7. #7
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    Default Re: Plans for cruiser under 20 ft

    Which sets up your first choice. Displacement (slow)... or planing (fast).
    David G
    Harbor Woodworks
    https://www.facebook.com/HarborWoodworks/

    "It was a Sunday morning and Goddard gave thanks that there were still places where one could worship in temples not made by human hands." -- L. F. Herreshoff (The Compleat Cruiser)

  8. #8
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    Default Re: Plans for cruiser under 20 ft


  9. #9
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    Default Re: Plans for cruiser under 20 ft

    Ah, I missed the "30 nm in 2 hours" requirement. Yeah, that's not going to happen in any displacement boat. This would be my choice for a planing option:

    https://bartenderboats.com/product/20-5-bartender/

    although something like a Toleman Skiff would likely be cheaper and faster to build. Dave Wright, one of the forum members here, built a 19' Toleman skiff with a small cuddy cabin that I really liked.



    (Photo by Dave Wright I believe)
    - Chris

    Life is short. Go boating now!

  10. #10
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    Default Re: Plans for cruiser under 20 ft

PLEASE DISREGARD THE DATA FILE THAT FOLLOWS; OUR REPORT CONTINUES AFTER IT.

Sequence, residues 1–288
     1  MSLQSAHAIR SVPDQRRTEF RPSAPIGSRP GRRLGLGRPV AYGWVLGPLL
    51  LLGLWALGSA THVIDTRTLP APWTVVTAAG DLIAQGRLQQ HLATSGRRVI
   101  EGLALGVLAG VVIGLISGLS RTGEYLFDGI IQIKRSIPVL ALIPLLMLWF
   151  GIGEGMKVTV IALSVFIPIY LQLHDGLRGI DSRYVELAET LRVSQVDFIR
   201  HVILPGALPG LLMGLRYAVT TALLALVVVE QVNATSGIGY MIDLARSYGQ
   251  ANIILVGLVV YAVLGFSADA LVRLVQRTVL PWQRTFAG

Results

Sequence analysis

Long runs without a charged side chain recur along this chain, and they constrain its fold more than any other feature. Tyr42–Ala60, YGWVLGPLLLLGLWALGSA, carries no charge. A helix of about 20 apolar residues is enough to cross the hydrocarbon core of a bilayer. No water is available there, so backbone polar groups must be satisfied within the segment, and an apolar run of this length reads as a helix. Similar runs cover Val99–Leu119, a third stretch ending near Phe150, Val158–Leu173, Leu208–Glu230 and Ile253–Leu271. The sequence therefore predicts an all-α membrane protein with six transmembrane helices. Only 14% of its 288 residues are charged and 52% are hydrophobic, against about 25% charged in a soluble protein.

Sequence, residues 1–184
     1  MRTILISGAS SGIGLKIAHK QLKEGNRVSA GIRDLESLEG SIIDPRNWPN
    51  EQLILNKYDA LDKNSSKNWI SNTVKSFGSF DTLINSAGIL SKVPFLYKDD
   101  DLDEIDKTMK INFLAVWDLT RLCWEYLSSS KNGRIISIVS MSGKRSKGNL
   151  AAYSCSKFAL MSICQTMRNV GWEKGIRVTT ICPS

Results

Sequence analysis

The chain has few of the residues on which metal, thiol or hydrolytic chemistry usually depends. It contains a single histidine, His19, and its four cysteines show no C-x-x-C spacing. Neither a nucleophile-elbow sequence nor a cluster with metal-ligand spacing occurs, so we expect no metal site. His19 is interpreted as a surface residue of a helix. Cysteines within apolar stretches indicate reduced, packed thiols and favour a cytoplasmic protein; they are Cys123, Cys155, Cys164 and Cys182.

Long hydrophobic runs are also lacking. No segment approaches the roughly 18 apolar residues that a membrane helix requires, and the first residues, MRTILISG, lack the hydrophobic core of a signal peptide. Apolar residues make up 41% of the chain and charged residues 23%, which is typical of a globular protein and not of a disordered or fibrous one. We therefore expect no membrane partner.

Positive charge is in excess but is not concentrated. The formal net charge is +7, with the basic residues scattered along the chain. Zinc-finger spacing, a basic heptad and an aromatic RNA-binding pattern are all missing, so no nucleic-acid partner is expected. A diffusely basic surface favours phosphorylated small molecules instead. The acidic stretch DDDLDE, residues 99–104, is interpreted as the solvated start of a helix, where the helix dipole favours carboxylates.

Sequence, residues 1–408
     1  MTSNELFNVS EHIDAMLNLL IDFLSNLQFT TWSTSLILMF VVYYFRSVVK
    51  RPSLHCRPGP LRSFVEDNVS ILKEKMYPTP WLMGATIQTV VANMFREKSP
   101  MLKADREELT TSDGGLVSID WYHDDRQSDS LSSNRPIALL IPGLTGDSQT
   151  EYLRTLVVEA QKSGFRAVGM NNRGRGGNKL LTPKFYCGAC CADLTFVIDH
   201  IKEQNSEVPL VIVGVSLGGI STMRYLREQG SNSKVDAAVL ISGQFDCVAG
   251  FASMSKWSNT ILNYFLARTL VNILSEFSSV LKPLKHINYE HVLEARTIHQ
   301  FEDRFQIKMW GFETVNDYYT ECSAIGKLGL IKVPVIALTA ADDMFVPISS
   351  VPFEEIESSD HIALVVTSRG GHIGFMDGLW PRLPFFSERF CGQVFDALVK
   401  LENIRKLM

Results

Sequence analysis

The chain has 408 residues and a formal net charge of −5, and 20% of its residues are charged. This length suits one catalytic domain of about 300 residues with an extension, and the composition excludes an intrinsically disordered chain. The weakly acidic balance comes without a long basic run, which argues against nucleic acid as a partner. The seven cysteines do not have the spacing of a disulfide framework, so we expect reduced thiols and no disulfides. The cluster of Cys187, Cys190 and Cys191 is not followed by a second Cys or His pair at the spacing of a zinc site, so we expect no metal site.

Second the suggestion to look at Tad Robert's designs. Here's his Power Pogy at 19'6". It fits the bill, but isn't the simplest build out there. A basic dory would be an easier build, but wouldn't prove as satisfying in use.




    Sam Devlin sells kits for some of his boats, including the Dipper 19. This would speed up construction and make building a slightly more complex design easier than putting together a simpler one from scratch.



    But either way, these are not 15 knot boats, although Devlin does note that if you go for power over efficiency in engine selection, you can drive the Dipper to 12 knots. My choice would be to stick to an efficient setup and enjoy a leisurely ride out to the islands in a boat that's seaworthy enough to take a bit of weather. Trying to go fast in lumpy water is extremely uncomfortable, even if the boat will do it.